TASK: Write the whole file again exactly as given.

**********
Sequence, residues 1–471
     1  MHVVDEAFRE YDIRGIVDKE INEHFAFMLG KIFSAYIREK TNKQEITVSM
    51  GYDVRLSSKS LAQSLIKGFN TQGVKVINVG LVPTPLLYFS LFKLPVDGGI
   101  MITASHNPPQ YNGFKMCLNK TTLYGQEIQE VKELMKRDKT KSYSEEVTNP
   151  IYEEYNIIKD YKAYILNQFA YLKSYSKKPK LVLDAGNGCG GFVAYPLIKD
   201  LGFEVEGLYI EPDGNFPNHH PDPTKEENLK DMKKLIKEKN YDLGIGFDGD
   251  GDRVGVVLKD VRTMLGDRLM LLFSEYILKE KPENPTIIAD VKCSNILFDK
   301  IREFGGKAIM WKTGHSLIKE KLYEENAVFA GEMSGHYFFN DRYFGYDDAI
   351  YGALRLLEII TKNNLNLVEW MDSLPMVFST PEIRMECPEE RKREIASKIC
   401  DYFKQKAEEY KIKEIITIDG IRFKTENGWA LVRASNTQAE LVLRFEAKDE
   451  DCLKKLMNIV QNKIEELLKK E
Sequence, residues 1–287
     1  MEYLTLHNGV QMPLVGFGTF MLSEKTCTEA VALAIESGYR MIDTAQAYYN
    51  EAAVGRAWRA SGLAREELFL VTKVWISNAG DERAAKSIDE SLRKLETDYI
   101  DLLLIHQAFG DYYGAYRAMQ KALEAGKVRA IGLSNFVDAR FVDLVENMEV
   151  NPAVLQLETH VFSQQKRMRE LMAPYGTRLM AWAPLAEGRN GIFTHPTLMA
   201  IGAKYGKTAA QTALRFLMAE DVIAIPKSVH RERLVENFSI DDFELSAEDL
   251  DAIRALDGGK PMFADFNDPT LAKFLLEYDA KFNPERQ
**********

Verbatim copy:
Sequence, residues 1–471
     1  MHVVDEAFRE YDIRGIVDKE INEHFAFMLG KIFSAYIREK TNKQEITVSM
    51  GYDVRLSSKS LAQSLIKGFN TQGVKVINVG LVPTPLLYFS LFKLPVDGGI
   101  MITASHNPPQ YNGFKMCLNK TTLYGQEIQE VKELMKRDKT KSYSEEVTNP
   151  IYEEYNIIKD YKAYILNQFA YLKSYSKKPK LVLDAGNGCG GFVAYPLIKD
   201  LGFEVEGLYI EPDGNFPNHH PDPTKEENLK DMKKLIKEKN YDLGIGFDGD
   251  GDRVGVVLKD VRTMLGDRLM LLFSEYILKE KPENPTIIAD VKCSNILFDK
   301  IREFGGKAIM WKTGHSLIKE KLYEENAVFA GEMSGHYFFN DRYFGYDDAI
   351  YGALRLLEII TKNNLNLVEW MDSLPMVFST PEIRMECPEE RKREIASKIC
   401  DYFKQKAEEY KIKEIITIDG IRFKTENGWA LVRASNTQAE LVLRFEAKDE
   451  DCLKKLMNIV QNKIEELLKK E
Sequence, residues 1–287
     1  MEYLTLHNGV QMPLVGFGTF MLSEKTCTEA VALAIESGYR MIDTAQAYYN
    51  EAAVGRAWRA SGLAREELFL VTKVWISNAG DERAAKSIDE SLRKLETDYI
   101  DLLLIHQAFG DYYGAYRAMQ KALEAGKVRA IGLSNFVDAR FVDLVENMEV
   151  NPAVLQLETH VFSQQKRMRE LMAPYGTRLM AWAPLAEGRN GIFTHPTLMA
   201  IGAKYGKTAA QTALRFLMAE DVIAIPKSVH RERLVENFSI DDFELSAEDL
   251  DAIRALDGGK PMFADFNDPT LAKFLLEYDA KFNPERQ